On December 29, manosphere blogger Andrew Tate was detained by Romanian authorities on sex trafficking and rape charges, shortly after attracting attention to himself by starting a stupid feud with his teenage nemesis, climate activist Greta Thunberg. (She won.)
The days since Tate’s detainment have gone about as off the rails as you’d expect from the much-publicized arrest of the self-proclaimed “king of toxic masculinity.” Reactions from his staunch, terminally online, misogynist followers have ranged from denial and disinformation to spinning Tate as some sort of prophet. Then we have varying pundits claiming to not support Tate, all while sympathizing with him and pushing the argument that his rise is a result of the left’s failure to speak to young men online, rather than rampant, unchecked misogyny. This has prompted a sudden push for something akin to a leftist version of Andrew Tate, ostensibly to pull young men and boys into progressive spaces.
“I cannot stress enough how important it is to understand that twelve year old white boys on twitch are not being pulled into fascism because of some Machiavellian desire to preserve and expand their privileges,” Vaush, a popular leftist streamer wrote on Twitter on Tuesday. “it’s because the right talks to them and the left doesn’t.” Probably not entirely surprisingly but Vaush has a well-documented history of online misogyny, including appearing to joke about sexually harassing women.
That, of course, is just one piece of the discourse surrounding Tate post-arrest. But let’s start with the disinformation: No, sadly, authorities say they didn’t actually catch Tate via his Wednesday video message to Thunberg and its inclusion of a Romania-specific fast food pizza box. Ramona Bolla, a spokesperson for Romanian anti-organized crime agency DIICOT, told the Associated Press that the pizza-box story was “funny, but no.” Tragic! And as of Tuesday afternoon, there are no updates on Tate’s status, other than that he very much hasn’t been released, and the Taliban is reportedly displeased with his detainment.
Yet, social media platforms like Twitter and TikTok have been awash with viral posts baselessly claiming he’s already been freed. Other posts include a viral clip of Tate saying, “First you get canceled, then they make up a reason to put you in jail. If that fails, they kill you,” as supposedly conclusive evidence that the TikToker was set up and that the human trafficking and sexual assault charges against him are a fabrication and conspiracy. Sure, Jan.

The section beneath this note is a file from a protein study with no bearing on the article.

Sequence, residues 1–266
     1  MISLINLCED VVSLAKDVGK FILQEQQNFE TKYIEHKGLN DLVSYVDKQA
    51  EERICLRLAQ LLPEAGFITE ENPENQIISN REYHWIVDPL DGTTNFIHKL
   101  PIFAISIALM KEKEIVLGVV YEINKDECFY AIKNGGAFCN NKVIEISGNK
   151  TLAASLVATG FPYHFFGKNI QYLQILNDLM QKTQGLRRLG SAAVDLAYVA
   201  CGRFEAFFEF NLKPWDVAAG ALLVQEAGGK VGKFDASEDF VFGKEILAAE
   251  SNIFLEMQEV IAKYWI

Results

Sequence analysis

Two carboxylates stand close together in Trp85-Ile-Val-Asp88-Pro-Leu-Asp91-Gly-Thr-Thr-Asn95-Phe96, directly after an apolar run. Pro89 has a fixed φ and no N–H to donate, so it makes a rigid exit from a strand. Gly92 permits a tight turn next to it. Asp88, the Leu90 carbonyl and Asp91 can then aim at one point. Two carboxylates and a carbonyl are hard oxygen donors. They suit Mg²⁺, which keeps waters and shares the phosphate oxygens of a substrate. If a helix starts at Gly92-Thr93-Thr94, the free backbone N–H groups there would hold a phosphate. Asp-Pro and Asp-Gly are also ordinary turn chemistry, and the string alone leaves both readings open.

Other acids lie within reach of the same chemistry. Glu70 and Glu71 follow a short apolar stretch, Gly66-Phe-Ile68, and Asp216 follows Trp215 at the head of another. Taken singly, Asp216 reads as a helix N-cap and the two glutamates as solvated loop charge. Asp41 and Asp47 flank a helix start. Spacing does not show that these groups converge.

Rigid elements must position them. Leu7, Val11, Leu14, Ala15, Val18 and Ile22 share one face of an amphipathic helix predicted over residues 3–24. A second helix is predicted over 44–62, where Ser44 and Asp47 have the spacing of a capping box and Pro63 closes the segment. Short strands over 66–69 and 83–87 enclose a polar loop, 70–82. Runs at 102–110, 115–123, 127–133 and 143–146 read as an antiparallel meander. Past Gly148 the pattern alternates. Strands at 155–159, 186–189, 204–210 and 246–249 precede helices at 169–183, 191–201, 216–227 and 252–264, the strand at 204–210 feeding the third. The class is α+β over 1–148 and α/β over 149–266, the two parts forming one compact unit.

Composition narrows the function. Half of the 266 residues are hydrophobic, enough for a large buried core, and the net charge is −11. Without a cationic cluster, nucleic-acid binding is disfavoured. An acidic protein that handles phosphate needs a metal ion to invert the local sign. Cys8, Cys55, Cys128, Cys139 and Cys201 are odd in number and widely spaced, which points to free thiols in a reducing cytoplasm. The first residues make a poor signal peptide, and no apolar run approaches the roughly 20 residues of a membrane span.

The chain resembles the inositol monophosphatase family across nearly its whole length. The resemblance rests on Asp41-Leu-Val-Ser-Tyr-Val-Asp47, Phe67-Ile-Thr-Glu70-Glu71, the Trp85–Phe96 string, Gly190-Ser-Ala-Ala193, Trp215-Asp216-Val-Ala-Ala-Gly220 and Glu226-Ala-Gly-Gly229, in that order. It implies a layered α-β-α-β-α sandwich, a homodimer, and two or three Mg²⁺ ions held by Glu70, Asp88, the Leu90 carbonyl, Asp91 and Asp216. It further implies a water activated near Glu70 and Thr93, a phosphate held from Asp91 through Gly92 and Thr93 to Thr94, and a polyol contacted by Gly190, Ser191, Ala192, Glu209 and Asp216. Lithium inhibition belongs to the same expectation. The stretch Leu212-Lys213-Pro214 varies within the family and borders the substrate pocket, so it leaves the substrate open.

Imran Ahmed, chief executive of the Center for Countering Digital Hate, told the Observer over the weekend that these rampant conspiracy theories “put at risk the integrity of an investigation” into Tate, as well as “the safety of those involved.”
If Tate “predicted” his demise, I imagine that might stem from him being aware that his own actions would eventually catch up to him. Romanian prosecutors say Tate is suspected of being part of a criminal group that lures women via false promises, then sexually exploits them, subjecting them to “physical violence and mental coercion through intimidation, constant surveillance, control and invoking alleged debts,” and forcing them to make pornographic videos.
In his varying TikToks and social media posts, as well as his documented record of violence against women, Tate has pretty proudly admitted to mistreating women as part of his highly profitable brand. Unsurprisingly, his supporters who are delusional enough to buy into Tate’s brand are also delusional enough to believe in his innocence—despite all the evidence against him, mostly provided by himself.
And beyond the disinformation, we’ve been collectively dropped into an insufferable conversation on the importance of hearing Tate out and reproducing his message to appeal to young men and boys in progressive spaces. These arguments have come from online pundits and popular leftist streamers who claim they don’t support Tate, while simultaneously validating his aggressively misogynistic strategy for effectively speaking to young, male insecurity.
Some claim that “the left gives brain-dead advice to young men,” and Tate’s appeal shows that “our advice has to be more than ‘don’t be a misogynist’ and ‘don’t be right wing.’” (I would argue, actually, that “don’t be a misogynist” and “don’t be right-wing” is fabulous advice, really.) Another unfortunate take: “How many vulnerable young men who are screaming out for help stumble upon people like Andrew Tate because he’s there for them whilst the left does nothing and offers no healthy alternative?” one Twitter user asked. “Of course some of the ideologies they pick up here are deplorable but that’s exactly why?”
One father cited former The Daily Show host Jon Stewart as someone who “used to do a good job of catching young men in their late teens,” but opined that today that “there is no one from the Left talking to 12-year-old boys. My sons all know who Andrew Tate is. But there is simply no equivalent on the Left.”
Others have similarly called for a “leftist” Andrew Tate, which, sorry, wtf does that even mean? Why should we strive for a leftist equivalent to a figure that deals with violent sexism?
Instead of recruiting and platforming a leftist Tate to “speak” to boys and young men by centering their feelings, the better solution seems to be taking a page from teachers, educators, and community leaders who are actively having conversations with young men—about Tate, about patriarchy, privilege, and violence. Teenage boys inevitably face mental health struggles and other challenges—but so do teenage girls, who experience all kinds of gendered trauma, and incidentally don’t become violent manosphere bloggers and possible human traffickers.